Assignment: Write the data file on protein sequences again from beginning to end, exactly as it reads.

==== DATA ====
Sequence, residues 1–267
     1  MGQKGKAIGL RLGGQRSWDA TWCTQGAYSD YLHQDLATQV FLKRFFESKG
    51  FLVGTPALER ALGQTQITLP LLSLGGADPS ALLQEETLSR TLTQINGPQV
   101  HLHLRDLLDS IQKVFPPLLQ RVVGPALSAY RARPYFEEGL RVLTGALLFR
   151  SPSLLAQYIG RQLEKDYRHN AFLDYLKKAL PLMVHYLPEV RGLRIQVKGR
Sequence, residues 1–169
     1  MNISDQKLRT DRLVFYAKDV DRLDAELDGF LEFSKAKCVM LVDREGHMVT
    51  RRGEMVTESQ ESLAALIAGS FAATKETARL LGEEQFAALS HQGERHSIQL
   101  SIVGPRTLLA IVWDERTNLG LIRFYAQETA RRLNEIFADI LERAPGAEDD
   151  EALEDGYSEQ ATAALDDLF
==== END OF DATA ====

Sequence, residues 1–267
     1  MGQKGKAIGL RLGGQRSWDA TWCTQGAYSD YLHQDLATQV FLKRFFESKG
    51  FLVGTPALER ALGQTQITLP LLSLGGADPS ALLQEETLSR TLTQINGPQV
   101  HLHLRDLLDS IQKVFPPLLQ RVVGPALSAY RARPYFEEGL RVLTGALLFR
   151  SPSLLAQYIG RQLEKDYRHN AFLDYLKKAL PLMVHYLPEV RGLRIQVKGR
Sequence, residues 1–169
     1  MNISDQKLRT DRLVFYAKDV DRLDAELDGF LEFSKAKCVM LVDREGHMVT
    51  RRGEMVTESQ ESLAALIAGS FAATKETARL LGEEQFAALS HQGERHSIQL
   101  SIVGPRTLLA IVWDERTNLG LIRFYAQETA RRLNEIFADI LERAPGAEDD
   151  EALEDGYSEQ ATAALDDLF